The second thing that I would suggest would be an expectation of a phased deployment. Because of the capability of these new devices that are available to us, you're relegated to a crawl-walk-run deployment. Set your organization's expectations for that; start as we did with firewall and content management, quickly thereafter follow up with intrusion detection and prevention, and then comprehensive deployments involving application control. That sets you up for the most success, and in addition, also lets the organization assimilate new capabilities. To do it in a fell swoop is almost too much to have one organization accept. We found that deploying over the course of six to nine months is the appropriate way to do it. It allows us to learn by doing, we become familiar with the platform, but it also allows the organization to be able to incorporate it into its culture and business practices.
Ascension's Marketplace Experience
FIELD: Mark, how would you say that Ascension's experience matches what you see in the marketplace and among your own customers?
MARK HANSON: Paul makes many salient points. His experience matches what we see in the market. It is true that managing the challenges of our nation's battle against these new types of attacks to grab data and generate profit is a difficult task for the network and security teams. As Paul discussed, capacity is required. Also, just as we aggregated VPN functions onto firewall platforms years ago, additional aggregation of security functions are required for perimeter and core reengineering today.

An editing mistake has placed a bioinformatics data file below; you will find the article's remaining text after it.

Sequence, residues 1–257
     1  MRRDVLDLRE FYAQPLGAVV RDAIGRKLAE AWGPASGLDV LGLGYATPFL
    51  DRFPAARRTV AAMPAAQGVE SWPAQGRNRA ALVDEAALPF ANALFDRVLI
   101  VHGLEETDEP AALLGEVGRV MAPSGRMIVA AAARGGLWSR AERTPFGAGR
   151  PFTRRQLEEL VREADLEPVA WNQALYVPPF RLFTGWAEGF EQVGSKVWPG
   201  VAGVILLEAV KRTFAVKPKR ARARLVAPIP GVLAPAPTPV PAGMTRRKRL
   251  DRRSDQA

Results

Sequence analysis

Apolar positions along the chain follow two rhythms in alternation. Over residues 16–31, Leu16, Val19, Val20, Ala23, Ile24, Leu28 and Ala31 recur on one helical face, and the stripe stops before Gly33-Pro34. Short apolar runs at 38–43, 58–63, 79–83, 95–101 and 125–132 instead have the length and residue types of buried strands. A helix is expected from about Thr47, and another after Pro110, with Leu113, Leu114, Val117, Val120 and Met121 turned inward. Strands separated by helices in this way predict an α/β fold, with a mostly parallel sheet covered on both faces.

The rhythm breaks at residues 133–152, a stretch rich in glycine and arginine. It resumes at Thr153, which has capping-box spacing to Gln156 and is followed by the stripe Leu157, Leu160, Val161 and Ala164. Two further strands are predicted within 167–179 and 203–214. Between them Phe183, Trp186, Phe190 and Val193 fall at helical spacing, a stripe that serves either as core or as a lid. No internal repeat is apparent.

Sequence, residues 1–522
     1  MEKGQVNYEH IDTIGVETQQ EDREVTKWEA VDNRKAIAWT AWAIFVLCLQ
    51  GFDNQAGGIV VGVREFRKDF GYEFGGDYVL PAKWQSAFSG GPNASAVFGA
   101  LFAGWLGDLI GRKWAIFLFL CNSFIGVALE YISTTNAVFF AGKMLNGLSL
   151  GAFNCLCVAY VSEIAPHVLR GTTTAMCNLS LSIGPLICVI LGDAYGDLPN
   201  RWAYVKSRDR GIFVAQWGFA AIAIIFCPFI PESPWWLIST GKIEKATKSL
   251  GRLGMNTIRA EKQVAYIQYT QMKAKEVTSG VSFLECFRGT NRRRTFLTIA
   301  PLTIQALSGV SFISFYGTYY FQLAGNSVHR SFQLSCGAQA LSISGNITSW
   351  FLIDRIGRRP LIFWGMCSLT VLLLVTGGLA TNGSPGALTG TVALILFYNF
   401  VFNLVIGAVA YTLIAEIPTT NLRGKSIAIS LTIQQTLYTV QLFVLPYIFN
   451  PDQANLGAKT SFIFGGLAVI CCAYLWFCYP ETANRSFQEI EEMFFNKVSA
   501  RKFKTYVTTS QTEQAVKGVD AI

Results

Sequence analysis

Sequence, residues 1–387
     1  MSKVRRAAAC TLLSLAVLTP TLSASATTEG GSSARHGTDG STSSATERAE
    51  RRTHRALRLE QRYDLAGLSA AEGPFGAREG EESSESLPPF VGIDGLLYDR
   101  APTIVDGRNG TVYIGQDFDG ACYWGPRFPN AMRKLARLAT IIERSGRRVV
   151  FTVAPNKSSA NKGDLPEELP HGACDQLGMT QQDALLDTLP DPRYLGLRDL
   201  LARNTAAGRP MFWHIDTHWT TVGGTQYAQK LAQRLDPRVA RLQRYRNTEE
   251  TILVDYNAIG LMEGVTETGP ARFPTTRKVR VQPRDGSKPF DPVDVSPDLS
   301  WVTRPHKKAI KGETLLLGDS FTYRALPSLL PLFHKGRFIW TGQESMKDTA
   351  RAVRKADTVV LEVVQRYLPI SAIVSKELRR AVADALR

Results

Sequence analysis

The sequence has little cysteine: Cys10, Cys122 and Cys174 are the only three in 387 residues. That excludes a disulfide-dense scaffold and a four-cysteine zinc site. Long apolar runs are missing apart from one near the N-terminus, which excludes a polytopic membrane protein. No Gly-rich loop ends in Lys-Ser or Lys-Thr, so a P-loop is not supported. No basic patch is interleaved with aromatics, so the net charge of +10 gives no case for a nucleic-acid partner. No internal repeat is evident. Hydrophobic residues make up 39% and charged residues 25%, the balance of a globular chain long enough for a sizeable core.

Since 2009, with the inception of the notification rule, breaches of unsecured protected health information have affected over 38 million records and counting; that's 10 percent of our nation's population. It can't be business as usual. The industry demand is still number one for highly available networks; number two for high speed throughput with low latency; and number three for advanced holistic and heuristic security. This enabling technology does buy time by constantly protecting against advanced attacks. The experience Paul has seen matches our deployments as clients gain improved stability and uptime in the network with lower latency, and includes the most advanced heuristic unified security. This experience has a wonderful added benefit, as it allows information services to focus on facilitating business.